Exemplary aspects will now be described with reference to FIGS. 1-15.

A fuel cell cabinet 100 according to an embodiment is illustrated in FIGS. 1A and 1B. The fuel cell cabinet may house electronic equipment and a connection panel for cross-connecting the electronic equipment with various provider and/or subscriber lines. The fuel cell cabinet 100 includes a fuel cell power backup system.

As shown in FIG. 1B, the fuel cell cabinet 100 can be mounted on the surface of, for example, a concrete pad 102. The surface upon which the fuel cell cabinet 100 can be mounted is not limited to a concrete pad 102 and can include any suitable surface, device, or structure, such as a pad or mounting surface formed from fiberglass, plastic, metal, etc. Aspects of the fuel cell cabinet can be mounted in the interior of buildings, structures, etc., or at the exterior of building, structures, etc. For example, an aspect of a fuel cell cabinet 100 can be mounted on a rack or shelter or other structure (not shown).

As shown in FIG. 2, an exemplary aspect of a fuel cell cabinet 200 includes a fuel cell 202 and a single cooling loop 204 for stabilizing and maintaining a substantially constant temperature of the fuel cell 202. An embodiment of the system includes a controller 206 that selectively turns the single cooling loop ON and OFF to operate the fuel cell at defined or predetermined fuel temperature set points. The fuel temperature set points can be based on factors including, but not limited to, the number of fuel cells, the type of fuel cells, the output of the fuel cells, the outside temperature or environmental temperature of the cabinet, the climate in which the cabinet is deployed, etc.

As shown in FIG. 3, an exemplary aspect of a fuel cell cabinet 300 includes a fuel cell 302 and a dual cooling loop 304, for example, including a liquid to air heat exchanger (L-A Hex) 304A and a liquid to liquid heat exchanger (L-L Hex) 304B, for stabilizing and maintaining a substantially constant temperature of the fuel cell 302. An aspect of the system includes a controller 306 that selectively turns the dual cooling loops ON and OFF to operate the fuel cell at defined or predetermined fuel temperature set points.

The fuel temperature set points can be based on factors including, but not limited to, the number of fuel cells, the type of fuel cells, the output of the fuel cells, the outside temperature or environmental temperature of the cabinet, the climate in which the cabinet is deployed, etc.

FIG. 4 is a schematic illustrating an exemplary aspect of a single cooling loop fuel cell cabinet. In this aspect, a cooling liquid is pumped through the fuel cell 402 by a pump 404. A fan and a liquid-to-air heat exchanger assembly (Fan/L-A Hex assembly) 406 (e.g., a radiator fan and a radiator) transfers the heat from the fuel cell 402 to the outside environment of the cabinet. In alternative aspects, the fan and liquid-to-air heat exchanger assembly 406 may be replaced by a liquid-to-liquid heat exchanger and connected directly to plant water lines for cooling. The single cooling loop fuel cell cabinet may provide a simple, inexpensive, and efficient means for cooling the fuel cell 402. This aspect may be particularly suitable for use in moderate or warm climates. The liquid used in the cooling loop water may be water, deionized water (DI), ethylene glycol water (EGW), another suitable liquid, or a mixture of one or more liquids. The pump 404 may include one or more pumps for circulating the liquid. Other cooling loop arrangements are contemplated within the spirit and scope of the invention. The single cooling loop may increase efficiency of the system, stabilize and maintain the temperature of the fuel cell, improve the capability of the system to reach full power faster, and/or extend the life of the system.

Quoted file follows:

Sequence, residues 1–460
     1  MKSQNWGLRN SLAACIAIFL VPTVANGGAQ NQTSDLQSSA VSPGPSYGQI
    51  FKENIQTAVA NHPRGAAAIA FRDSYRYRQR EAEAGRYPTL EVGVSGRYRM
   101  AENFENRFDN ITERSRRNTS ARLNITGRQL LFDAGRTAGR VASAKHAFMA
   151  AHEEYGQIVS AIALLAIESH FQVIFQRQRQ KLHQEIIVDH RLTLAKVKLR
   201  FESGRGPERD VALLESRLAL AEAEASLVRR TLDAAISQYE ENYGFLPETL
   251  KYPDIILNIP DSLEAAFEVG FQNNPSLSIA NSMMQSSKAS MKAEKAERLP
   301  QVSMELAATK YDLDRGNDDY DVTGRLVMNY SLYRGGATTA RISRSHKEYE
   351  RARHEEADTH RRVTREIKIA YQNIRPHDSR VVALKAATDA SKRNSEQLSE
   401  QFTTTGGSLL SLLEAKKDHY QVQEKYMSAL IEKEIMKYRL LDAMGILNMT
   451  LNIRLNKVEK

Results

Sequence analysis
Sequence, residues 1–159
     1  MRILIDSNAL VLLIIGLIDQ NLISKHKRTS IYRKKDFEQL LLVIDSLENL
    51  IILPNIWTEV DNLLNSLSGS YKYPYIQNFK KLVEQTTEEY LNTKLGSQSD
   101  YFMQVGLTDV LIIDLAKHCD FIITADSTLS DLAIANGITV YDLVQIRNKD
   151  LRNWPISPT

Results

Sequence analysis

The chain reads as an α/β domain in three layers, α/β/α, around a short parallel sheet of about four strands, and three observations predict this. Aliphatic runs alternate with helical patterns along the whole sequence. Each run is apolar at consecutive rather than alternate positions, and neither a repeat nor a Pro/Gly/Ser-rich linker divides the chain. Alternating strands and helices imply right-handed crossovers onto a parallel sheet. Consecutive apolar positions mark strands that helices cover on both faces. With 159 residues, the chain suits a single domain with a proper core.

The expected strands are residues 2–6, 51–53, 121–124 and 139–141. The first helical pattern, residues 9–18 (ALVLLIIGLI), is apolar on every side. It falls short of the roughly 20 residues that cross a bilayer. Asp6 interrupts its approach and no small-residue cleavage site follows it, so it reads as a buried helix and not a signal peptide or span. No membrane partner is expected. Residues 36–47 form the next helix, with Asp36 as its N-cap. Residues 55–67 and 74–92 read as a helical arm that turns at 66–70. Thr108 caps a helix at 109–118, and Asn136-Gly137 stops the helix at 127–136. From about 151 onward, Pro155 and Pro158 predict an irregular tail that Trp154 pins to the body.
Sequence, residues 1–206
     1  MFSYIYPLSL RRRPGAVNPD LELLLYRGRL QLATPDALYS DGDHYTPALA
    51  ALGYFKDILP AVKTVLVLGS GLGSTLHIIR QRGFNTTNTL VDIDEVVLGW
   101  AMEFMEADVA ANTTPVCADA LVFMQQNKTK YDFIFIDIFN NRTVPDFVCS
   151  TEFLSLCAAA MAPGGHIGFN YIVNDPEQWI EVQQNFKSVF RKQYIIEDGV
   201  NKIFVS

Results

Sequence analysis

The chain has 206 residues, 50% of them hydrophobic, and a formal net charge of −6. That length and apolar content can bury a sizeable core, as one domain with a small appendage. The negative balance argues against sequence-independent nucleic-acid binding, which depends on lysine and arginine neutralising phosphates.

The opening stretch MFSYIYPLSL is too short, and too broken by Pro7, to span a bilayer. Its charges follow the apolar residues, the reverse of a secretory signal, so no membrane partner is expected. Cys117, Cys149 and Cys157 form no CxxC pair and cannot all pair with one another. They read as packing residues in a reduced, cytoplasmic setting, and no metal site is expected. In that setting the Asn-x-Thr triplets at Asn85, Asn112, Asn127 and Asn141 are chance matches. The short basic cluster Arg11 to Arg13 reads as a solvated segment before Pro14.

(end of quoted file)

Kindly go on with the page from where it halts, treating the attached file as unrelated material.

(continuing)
In operation, the single cooling loop fuel cell cabinet may selectively operate the pump 404, the fan, and/or the liquid-to-liquid heat exchanger depending on the amount of thermal control required, which may be based on the external temperature, the temperature of the liquid, and/or the number of fuel cells 402, etc.

FIG. 5 is a schematic illustrating an exemplary aspect of a dual cooling loop fuel cell cabinet, which includes an internal loop and an external loop (e.g., a first loop and a second loop). In this aspect, a first cooling liquid is pumped through the fuel cell 502 by a first pump 504A. The heat from the fuel cell 502 is transferred by the first liquid to a liquid-to-liquid heat exchanger 508.

A second cooling liquid is pumped through the liquid-to-liquid heat exchanger 508 by a second pump 504B. The heat from the fuel cell 502 is transferred to the second liquid in the liquid-to-liquid heat exchanger (L-L Hex) 508. The heat from the second liquid is transferred to a fan and a liquid-to-air heat exchanger assembly (Fan/L-A Hex assembly) 506 (e.g., radiator fan and a radiator), which then transfers the heat from the fuel cell to the outside environment of the cabinet.

The dual cooling loop fuel cell cabinet may provide a simple, inexpensive, and efficient means for cooling the fuel cell 502. This aspect may be particularly suitable for use in moderate or colder climates. The liquid used in the cooling loop water may be water, deionized water (DI), ethylene glycol (EGW), another suitable liquid, or a mixture of one or more liquids. The pumps 504A and 504B may include one or more pumps for circulating the liquid and for providing higher redundancy for higher reliability. For example, redundant pumps may be provided to reduce or eliminate system failures. Other cooling loop arrangements are contemplated within the spirit and scope of the invention.